Peter Sturrock is an emeritus professor of applied physics at Stanford University and one of the very few scientists who has publicly expressed a great deal of interest in UFOs and acted on that interest by twice surveying colleagues on the subject which resulted in some very surprising findings. He is also unambiguous on one particular category of UFO evidence which he happens to know a little bit about . . . . radar reports.
“Yes – radar is physical evidence,” Sturrock stated in an email exchange he was generous enough to grant me.
Professor Sturrock’s involvement with radar dates back to World War II. While studying mathematics at Cambridge University, he interrupted his studies to help in the war effort and joined the Telecommunications Research Establishment in 1942, now known as the Royal Radar Establishment, where he helped develop radar systems.
Skeptics commenting on the UFO phenomenon often claim that a major problem with UFOs is the only evidence are witness sightings, claim they are unreliable and cite a lack of physical evidence. While that is often the case, there are notable exceptions where physical evidence does exist in the form of radar reports and they corroborate the accounts of multiple credible witnesses. There have been a number of famous UFO cases that have involved radar reports and two of the most famous contemporary incidents are the JAL Alaska case from 1986 and the Stephenville, Texas sightings of 2008.
On November 17, 1986, a Japan Air Lines 747 cargo jet, piloted by Captain Kenju Terauchi, was flying westward near Mt. McKinley when he spotted a UFO. “Then there was a kind of reverse thrust, and the lights became dazzlingly bright. Our cockpit lit up. The thing was flying as if there was no such thing as gravity. It sped up, then stopped, then flew at our speed, in our direction, so that to us it looked like it was standing still. The next instant it changed course. There’s no way a jumbo could fly like that. If we tried, it’d break apart in mid-air. In other words, the flying object had overcome gravity,” Terauchi said.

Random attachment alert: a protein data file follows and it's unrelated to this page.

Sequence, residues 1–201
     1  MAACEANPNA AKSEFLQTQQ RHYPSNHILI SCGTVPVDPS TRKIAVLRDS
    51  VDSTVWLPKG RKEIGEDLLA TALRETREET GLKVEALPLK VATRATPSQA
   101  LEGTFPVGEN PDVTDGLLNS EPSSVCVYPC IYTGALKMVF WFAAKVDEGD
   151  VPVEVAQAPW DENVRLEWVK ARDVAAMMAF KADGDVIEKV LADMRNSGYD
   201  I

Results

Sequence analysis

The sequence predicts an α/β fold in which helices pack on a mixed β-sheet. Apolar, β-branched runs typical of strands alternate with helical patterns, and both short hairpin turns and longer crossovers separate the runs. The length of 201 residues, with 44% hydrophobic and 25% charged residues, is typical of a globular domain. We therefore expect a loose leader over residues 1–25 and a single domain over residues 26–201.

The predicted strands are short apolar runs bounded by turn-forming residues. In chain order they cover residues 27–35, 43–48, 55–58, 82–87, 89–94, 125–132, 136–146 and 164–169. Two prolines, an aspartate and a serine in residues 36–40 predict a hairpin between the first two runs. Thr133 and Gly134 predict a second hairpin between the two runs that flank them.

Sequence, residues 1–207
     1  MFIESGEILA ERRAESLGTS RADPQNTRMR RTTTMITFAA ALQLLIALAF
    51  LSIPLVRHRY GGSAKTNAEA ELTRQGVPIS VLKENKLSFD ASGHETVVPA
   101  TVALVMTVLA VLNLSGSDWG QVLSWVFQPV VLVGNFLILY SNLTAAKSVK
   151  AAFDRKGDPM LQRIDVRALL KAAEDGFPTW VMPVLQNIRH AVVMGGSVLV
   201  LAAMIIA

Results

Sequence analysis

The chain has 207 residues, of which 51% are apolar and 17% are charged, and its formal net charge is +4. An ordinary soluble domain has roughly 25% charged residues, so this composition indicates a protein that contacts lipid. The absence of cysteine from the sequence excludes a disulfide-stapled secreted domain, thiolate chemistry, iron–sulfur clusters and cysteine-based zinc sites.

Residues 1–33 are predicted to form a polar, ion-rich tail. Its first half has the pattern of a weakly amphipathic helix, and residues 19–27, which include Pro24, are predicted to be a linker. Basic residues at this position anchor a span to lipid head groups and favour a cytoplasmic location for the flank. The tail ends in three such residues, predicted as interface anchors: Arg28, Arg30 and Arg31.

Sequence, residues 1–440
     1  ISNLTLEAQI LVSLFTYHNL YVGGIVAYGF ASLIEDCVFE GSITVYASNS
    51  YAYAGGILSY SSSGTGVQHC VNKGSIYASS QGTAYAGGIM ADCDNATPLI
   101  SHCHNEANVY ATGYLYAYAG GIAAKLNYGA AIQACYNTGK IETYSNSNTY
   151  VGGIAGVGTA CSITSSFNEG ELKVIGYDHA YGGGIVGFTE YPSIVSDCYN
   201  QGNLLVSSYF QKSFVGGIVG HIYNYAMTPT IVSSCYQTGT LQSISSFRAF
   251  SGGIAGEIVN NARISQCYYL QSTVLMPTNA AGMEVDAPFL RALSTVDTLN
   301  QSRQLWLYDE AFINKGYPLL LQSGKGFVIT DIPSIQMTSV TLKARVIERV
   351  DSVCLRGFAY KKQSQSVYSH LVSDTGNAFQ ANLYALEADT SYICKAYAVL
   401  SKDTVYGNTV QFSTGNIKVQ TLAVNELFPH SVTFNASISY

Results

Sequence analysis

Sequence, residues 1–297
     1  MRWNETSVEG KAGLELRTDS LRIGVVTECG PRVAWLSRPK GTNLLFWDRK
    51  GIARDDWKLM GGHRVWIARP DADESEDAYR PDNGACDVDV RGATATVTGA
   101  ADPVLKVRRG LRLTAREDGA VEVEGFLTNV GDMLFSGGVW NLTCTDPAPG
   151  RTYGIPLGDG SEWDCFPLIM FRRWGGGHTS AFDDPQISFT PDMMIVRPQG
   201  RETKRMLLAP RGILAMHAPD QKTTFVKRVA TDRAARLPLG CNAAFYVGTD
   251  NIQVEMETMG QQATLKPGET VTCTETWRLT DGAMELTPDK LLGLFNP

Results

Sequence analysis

Terauchi and his crew had the sighting but John Callahan, the FAA Division Chief of the Accidents and Investigations branch, had the data. The radar report covered more than a half hour. Callahan states in the following video interview, “As far as I’m concerned, I saw a UFO chase a Japanese 747 across the sky for over half an hour on radar.”
He goes on to say that members of President Reagan’s Scientific Study Team, the FBI and the CIA he met with about the incident expressed excitement at the data. [….]